One of the most remarkable facts in F[rench] etymology is the extraordinary substitution whereby the Low Lat. pausare came to mean 'to make to rest, to set,' and so usurped the place of the Lat. ponere, to place, set, with which it has no etymological connection. And this it did so effectually as to restrict the F. pondre, the true equivalent of Lat. ponere, to the sense of 'laying eggs;' whilst in all compounds it completely thrust it aside, so that compausare (i.e. F. composer) took the place of Lat. componere, and so on throughout. Hence the extraordinary result, that whilst the E. verbs compose, depose, impose, propose, &c. exactly represent in sense the Lat. componere, deponere, imponere, proponere, &c., we cannot derive the E. verbs from the Lat. ones since they have (as was said) no real etymological connection. [W.W. Skeat, "Etymological Dictionary of the English Language," 1898]

The meaning "put in a certain position" in English is from early 15c. The intransitive sense of "assume a certain attitude or character" (with implications of artificiality) is from 1840; the transitive sense in reference to an artist's model, etc. is from 1850. Related: Posed; posing

expose (v.)

early 15c., "to leave without shelter or defense," from Old French esposer, exposer "lay open, set forth, speak one's mind, explain" (13c.), from Latin exponere "set forth, lay open, exhibit, reveal, publish," from ex "from, forth" (see ex-) + ponere "to put, place" (see position (n.)). Altered in French by confusion with poser "to place, lay down" (see pose (v.1)). Meaning "to exhibit openly" is from 1620s; that of "to unmask" is from 1690s. Photographic sense is from 1839. Related: Exposed; exposes; exposing.

oppose (v.)

late 14c., opposen, "to speak or act against; accuse, question, interrogate," from Old French oposer "oppose, resist, rival; contradict, state opposing point of view" (12c.), apparently from assimilated form of Latin ob- "in the direction of, in front of" (see ob-) + French poser "to place, lay down" (see pose (v.1)), with the sense blended with that of Latin opponere "oppose, object to, set against" (see opponent). The meaning "to set or place over against or directly opposite" (transitive) and "interpose effort or objection, be adverse, act adversely" (intransitive) are from 1590s. Related: Opposed; opposing.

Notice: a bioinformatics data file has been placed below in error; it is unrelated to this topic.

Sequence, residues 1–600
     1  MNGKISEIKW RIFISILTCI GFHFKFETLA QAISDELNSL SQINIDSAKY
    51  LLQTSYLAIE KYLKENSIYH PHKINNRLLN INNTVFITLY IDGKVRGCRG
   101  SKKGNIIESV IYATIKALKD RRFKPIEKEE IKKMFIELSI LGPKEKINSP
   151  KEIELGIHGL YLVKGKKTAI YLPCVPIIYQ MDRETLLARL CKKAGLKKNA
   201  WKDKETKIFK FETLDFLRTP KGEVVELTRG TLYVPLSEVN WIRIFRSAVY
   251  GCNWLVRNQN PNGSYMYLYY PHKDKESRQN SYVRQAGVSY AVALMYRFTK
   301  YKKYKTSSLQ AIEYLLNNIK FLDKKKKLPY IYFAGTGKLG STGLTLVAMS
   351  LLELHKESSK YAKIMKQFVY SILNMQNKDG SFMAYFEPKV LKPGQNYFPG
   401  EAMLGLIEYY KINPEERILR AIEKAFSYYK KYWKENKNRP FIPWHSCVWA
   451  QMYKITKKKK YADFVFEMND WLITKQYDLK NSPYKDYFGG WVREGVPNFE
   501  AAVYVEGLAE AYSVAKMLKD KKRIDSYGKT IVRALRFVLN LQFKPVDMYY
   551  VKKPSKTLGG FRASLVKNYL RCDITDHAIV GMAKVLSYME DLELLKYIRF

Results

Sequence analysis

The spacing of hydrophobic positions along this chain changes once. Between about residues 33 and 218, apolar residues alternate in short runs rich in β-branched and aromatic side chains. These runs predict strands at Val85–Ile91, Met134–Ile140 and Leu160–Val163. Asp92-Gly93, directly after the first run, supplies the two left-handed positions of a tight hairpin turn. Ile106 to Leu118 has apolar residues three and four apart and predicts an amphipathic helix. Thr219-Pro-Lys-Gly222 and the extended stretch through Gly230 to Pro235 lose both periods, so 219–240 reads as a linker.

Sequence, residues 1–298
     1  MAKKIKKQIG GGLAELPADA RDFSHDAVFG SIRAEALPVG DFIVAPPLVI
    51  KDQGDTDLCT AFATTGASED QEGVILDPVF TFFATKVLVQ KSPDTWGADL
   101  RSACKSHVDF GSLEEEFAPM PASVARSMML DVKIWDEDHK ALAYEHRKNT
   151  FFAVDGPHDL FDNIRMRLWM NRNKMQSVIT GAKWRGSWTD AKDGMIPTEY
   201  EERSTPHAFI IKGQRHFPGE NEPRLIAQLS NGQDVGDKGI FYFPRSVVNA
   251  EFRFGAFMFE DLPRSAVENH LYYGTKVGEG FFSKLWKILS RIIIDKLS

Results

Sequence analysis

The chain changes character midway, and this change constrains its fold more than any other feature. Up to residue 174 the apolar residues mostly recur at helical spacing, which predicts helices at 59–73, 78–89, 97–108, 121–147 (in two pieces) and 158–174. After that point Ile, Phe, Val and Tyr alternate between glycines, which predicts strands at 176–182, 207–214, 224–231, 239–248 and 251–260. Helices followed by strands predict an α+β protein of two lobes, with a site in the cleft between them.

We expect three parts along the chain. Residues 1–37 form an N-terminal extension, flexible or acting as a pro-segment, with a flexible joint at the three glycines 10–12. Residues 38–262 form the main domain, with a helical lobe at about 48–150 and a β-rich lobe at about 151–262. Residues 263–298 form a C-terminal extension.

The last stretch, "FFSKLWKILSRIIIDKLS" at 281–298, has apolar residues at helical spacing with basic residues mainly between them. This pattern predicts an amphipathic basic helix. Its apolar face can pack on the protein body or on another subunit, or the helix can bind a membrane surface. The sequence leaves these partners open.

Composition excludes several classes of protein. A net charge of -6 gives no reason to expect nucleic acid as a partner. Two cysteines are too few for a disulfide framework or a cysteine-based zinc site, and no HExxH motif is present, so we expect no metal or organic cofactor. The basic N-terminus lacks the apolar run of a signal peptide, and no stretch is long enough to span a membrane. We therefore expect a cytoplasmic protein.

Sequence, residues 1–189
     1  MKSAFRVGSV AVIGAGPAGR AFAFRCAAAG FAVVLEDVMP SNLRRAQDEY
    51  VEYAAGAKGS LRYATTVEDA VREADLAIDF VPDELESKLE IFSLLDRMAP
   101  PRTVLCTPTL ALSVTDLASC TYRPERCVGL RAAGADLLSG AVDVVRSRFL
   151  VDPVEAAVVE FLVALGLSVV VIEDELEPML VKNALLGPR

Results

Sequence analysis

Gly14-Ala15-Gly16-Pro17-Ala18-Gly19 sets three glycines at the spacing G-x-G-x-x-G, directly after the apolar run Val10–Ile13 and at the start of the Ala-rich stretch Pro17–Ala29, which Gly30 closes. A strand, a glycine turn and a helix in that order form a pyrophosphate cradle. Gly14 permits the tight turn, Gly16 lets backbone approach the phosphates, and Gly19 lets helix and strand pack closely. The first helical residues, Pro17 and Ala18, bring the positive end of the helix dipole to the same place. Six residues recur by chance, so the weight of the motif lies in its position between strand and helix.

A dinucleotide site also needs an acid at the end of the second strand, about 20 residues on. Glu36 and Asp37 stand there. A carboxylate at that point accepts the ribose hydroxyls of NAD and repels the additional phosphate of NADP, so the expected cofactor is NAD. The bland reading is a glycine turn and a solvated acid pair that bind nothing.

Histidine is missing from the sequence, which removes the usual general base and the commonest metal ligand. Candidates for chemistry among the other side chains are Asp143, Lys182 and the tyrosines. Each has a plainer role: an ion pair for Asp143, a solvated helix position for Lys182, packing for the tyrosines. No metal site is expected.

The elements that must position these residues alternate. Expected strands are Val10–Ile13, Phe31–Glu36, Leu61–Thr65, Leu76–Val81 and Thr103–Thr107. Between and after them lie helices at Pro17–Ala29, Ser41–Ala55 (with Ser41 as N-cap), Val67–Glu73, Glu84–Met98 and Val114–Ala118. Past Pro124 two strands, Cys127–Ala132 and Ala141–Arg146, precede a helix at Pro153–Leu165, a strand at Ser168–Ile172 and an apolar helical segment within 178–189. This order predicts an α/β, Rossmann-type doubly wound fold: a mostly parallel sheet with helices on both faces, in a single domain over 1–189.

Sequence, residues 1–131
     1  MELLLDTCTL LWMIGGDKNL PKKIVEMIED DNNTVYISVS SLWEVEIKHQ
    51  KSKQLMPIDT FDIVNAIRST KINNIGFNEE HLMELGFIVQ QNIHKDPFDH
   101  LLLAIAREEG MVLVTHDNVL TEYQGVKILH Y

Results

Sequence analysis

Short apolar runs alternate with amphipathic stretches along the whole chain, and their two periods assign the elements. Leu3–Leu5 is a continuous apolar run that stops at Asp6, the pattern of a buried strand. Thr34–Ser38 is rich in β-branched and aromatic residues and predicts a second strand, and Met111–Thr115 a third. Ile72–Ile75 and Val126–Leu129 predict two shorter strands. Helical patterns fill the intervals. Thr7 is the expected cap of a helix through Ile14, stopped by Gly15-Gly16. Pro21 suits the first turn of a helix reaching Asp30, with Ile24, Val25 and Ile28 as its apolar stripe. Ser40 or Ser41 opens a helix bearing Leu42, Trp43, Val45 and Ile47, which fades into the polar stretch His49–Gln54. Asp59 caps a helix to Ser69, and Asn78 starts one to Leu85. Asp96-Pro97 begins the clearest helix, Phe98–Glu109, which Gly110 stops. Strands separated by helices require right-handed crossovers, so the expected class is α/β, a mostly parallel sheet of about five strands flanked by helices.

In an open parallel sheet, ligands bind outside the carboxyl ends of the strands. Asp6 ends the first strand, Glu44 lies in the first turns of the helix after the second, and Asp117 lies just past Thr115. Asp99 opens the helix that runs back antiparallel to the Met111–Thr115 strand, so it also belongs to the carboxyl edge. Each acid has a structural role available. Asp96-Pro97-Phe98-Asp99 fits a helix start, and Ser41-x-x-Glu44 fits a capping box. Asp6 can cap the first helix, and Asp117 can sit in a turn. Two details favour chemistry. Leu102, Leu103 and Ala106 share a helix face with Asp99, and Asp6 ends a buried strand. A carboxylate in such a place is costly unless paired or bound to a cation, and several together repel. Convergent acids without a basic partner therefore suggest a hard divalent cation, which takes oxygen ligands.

repose (v.2)

"to put, place," mid-15c., reposen, "to put (something) back;" perhaps from re- "back, again" + pose (v.) or so formed in Middle English from Old French poser, on model of disposen "dispose" [Klein], or else from Latin repos-, infinitive stem of reponere "put back, set back, replace, restore; put away, lay out, stretch out," from re- + ponere "to put, place" (past participle positus; see position (n.)). Related: Reposed; reposing.

transpose (v.)
late 14c., from Old French transposer "transfer, remove; present, render symbolically" (14c.), from Latin transponere (past participle transpositus) "to place over, set over," from trans "across, beyond; over" (see trans-) + ponere "to put, place" (past participle positus; see position (n.)). Form altered in French on model of poser "to put, place." Sense of "put music in a different key" is from c. 1600. Related: Transposed; transposing.
composed (adj.)

"calm, tranquil, free from disturbance or agitation," c. 1600, past-participle adjective from compose (v.). Earlier (1560s) "made up of parts." Related: Composedly; composedness.